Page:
Where does the water in Greenland come from?
Royal Greenland is Greenland’s largest consumer of water. Water production and water quality thus play a key role for our company.
In Greenland, tap water is usually produced by melt water which is either collected from freshwater lakes outside towns or directly from rivers.
A small proportion of the tap water comes from the so called “reversed osmosis plant” where seawater is microfiltered with the help of membranes to desalinise the water. Bacteria, vira, ions and other unwanted substances in the seawater is filtered from the water. Because this is a relative expensive and time-consuming process it is only used to a limited extent. Similarly, in the northern part of Greenland, a small proportion of tap water is produced by melting ice from glaciers.
Since freshwater primarily comes from meltwater the yearly melting-off and rainfall by the individual town or settlement has a great impact. To keep a continuous water supply, the yearly flow to the freshwater lakes must be at least at the same level as the consumption. In some towns and settlements, the supply is vulnerable because the consumption is either the same or higher than the inflow. During winter, it can be a challenge to ensure a stable water supply, since it is very cold many places, and freshwater lakes and rivers can freeze completely or partly.
To ensure that the tap water’s quality stays on a sufficiently high level, the water gets treated in different ways, for instance with UV-light and chlorine. Furthermore, around the freshwater lakes, a barrier has been set. Inside the barrier, all activities that can pollute the tap water are banned, for instance driving a snowmobile, walking the dog etc. In case of pollution or a sudden shortage of water it is not possible to collect water from any of the neighbouring freshwater lakes if a barrier has not been placed by those as well. However, in many places, more lakes are available by connecting them via pipes and pumps so that extra drinking water can be collected.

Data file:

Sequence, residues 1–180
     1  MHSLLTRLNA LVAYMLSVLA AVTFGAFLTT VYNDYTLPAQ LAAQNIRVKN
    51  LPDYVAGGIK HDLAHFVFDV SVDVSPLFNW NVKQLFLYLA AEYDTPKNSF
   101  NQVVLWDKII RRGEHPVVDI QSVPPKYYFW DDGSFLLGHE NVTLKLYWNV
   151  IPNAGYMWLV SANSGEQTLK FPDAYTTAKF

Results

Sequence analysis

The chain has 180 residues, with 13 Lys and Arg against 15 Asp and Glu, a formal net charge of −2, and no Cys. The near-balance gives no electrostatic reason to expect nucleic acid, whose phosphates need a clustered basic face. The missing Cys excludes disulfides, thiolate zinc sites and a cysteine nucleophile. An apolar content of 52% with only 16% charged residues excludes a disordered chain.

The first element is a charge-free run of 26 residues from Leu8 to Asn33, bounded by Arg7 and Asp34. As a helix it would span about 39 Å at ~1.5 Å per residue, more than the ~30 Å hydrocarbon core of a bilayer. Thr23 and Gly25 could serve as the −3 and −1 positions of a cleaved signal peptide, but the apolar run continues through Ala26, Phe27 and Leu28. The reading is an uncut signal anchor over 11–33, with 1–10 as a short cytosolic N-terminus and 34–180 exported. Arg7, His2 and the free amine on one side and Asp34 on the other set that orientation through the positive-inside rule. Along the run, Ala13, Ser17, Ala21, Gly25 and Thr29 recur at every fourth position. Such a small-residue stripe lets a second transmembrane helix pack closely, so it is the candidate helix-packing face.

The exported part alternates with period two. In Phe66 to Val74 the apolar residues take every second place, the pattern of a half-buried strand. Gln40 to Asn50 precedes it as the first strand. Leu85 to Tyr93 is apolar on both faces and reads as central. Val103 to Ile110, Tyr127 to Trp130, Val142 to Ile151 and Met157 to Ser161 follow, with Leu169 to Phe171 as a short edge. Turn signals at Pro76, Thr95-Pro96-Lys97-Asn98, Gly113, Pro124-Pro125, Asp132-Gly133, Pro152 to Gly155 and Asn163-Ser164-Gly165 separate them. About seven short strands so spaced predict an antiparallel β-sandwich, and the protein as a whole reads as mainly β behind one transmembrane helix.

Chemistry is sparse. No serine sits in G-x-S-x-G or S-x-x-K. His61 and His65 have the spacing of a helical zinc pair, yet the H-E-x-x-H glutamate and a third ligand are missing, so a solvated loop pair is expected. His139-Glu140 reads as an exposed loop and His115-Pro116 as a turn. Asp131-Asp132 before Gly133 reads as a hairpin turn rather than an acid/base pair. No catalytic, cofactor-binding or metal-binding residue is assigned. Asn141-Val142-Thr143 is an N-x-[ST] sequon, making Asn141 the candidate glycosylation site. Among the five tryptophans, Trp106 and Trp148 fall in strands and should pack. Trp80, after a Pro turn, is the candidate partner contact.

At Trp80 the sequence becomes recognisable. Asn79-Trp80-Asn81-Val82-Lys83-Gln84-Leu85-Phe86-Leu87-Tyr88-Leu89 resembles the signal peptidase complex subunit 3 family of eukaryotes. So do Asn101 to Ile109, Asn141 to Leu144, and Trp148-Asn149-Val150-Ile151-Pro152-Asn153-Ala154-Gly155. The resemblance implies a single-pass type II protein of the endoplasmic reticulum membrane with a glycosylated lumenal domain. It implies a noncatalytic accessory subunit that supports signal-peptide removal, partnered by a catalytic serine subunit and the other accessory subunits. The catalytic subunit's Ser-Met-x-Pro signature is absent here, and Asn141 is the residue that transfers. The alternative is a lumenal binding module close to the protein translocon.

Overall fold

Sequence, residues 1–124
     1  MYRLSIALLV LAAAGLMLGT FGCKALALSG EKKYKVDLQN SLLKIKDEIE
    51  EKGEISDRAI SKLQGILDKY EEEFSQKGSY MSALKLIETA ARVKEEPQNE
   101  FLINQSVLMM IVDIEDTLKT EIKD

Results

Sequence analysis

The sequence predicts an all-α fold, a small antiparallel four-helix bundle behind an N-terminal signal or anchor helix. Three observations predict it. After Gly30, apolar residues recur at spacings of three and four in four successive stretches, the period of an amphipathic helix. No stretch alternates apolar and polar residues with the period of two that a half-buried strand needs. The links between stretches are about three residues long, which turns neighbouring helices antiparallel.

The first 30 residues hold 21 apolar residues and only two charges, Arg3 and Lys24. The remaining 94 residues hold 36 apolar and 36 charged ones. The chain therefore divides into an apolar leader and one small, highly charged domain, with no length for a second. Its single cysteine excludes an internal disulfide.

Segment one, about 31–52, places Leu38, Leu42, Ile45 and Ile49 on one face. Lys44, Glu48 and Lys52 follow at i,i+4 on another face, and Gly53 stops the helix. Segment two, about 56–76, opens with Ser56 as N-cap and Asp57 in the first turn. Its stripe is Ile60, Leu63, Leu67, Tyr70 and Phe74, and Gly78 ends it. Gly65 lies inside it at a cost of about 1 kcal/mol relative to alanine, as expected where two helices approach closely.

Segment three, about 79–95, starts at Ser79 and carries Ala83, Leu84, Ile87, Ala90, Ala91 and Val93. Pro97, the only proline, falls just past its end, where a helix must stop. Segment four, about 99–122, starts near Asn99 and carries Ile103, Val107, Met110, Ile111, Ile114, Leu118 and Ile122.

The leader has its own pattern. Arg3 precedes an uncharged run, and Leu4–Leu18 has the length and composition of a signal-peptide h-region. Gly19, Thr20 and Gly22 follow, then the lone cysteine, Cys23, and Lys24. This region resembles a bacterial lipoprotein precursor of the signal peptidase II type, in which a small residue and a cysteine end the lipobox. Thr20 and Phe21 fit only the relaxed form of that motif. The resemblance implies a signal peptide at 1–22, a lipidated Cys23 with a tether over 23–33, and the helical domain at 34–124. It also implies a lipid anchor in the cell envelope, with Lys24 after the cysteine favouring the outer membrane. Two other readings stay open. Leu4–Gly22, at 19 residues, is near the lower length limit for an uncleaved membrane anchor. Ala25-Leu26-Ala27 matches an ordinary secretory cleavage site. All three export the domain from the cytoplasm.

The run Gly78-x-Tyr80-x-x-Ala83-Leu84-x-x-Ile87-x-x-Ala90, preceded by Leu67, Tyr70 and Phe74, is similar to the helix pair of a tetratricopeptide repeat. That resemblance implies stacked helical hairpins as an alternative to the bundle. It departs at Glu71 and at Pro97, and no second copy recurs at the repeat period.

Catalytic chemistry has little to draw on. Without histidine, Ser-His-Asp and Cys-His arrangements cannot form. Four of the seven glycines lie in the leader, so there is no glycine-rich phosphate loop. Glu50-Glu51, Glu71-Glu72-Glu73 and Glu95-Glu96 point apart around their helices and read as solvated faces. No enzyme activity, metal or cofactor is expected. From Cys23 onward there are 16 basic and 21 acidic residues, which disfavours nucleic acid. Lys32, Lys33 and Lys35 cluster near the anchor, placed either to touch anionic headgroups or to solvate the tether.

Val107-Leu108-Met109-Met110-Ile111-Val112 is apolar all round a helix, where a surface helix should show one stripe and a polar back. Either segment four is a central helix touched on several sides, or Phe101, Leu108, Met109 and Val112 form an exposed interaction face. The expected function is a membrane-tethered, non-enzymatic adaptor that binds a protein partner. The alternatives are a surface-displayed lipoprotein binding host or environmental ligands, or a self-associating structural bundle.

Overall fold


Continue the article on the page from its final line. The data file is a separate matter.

In many towns and settlements, Royal Greenland’s factory is the main consumer of water. There are places where the factory’s consumption surpasses other consumers’ consumption multiple times. As a food producer, Royal Greenland has a very strong interest in a stable supply of clean water. Failure to supply abundant water can affect factory production. Clean water is crucial when cleaning fish, maturing, boiling and glazing prawns, boiling crabs, etc. Also, when cleaning it is important to have clean water to ensure that the hygiene and food safety is sufficient.
Royal Greenland strives to continuously focus on water consumption, as even a small water saving from the local factory can have a major impact on the water supply to the rest of the residents and businesses in the individual towns and settlements. However, it is always ensured that water savings do not affect product quality.
At selected locations, Royal Greenland plans to replace tap water with clean, purified seawater for production and cleaning. This will help take the pressure off the rest of the drinking water supply. The use of purified seawater requires special approval, so Royal Greenland is in ongoing dialogue with the authorities about this initiative - also to ensure that product quality will remain at the same high level.